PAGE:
Avaya Works Behind the Scenes at the 2002 FIFA World Cup

05 Jun 2002
While soccer players from 32 countries were on the field battling for the prestigious World Cup, an American wireless vendor, Avaya, was working equally as hard off the field keeping officials, referees, journalists, players, volunteers and other participants connected. 
As a global sponsor and converged communications provider to the 2002 FIFA World Cup, Avaya is providing one of the largest voice and data networks. 
Avaya said it provided Internet telephony for FIFA and support simultaneous FIFA World Cup matches in two countries. The wireless vendor has deployed more than 40,000 network connections across 20 stadiums, two international media centers and two FIFA remote headquarters, one in Japan and the other in Korea.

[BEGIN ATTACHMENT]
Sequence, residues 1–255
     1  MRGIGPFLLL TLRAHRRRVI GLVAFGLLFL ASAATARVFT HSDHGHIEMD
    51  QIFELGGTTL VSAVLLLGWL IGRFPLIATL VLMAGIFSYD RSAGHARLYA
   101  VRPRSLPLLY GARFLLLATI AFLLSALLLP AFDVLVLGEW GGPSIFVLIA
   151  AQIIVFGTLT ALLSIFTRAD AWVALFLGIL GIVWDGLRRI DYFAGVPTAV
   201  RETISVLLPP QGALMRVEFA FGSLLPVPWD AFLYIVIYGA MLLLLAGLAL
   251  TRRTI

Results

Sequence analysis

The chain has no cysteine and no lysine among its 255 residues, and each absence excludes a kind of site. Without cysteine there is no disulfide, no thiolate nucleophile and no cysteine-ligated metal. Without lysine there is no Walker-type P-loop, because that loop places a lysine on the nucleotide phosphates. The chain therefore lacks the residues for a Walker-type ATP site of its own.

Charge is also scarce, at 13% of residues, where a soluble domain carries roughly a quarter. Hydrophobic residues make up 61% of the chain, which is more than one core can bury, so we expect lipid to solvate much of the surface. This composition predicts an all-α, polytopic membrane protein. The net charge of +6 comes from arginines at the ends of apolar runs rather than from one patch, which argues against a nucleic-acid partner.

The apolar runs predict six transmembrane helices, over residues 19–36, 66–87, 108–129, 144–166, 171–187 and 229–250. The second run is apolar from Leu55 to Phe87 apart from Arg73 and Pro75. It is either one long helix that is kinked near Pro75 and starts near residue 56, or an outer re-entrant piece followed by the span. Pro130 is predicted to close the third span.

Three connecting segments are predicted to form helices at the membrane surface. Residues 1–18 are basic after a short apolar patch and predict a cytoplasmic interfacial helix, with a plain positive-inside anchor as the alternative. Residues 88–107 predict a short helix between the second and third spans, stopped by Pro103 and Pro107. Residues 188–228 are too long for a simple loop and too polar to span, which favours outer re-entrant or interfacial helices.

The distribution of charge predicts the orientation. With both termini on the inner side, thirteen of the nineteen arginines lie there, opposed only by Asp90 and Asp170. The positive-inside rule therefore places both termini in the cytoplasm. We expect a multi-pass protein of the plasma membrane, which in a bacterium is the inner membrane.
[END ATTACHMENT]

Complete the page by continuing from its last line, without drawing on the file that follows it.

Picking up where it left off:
The FIFA network features a wireless LAN that will allow officials to stay in touch without being tethered to stadium wiring and also allow reporters to cover the games and file their stories from the sidelines or viewing stands without having to visit a media center. 
Avaya also set up a wireless LAN at each of the two hotels hosting the U.S. delegation in Seoul, which offered American players access to the Internet, the U.S. Soccer network and personal e-mail accounts. 
"With Avaya's wireless network, players were able to stay in touch from virtually anywhere in their hotel by simply booting up their PC and opening their Web browser," said Doug Gardner, Avaya's managing director for the FIFA World Cup program.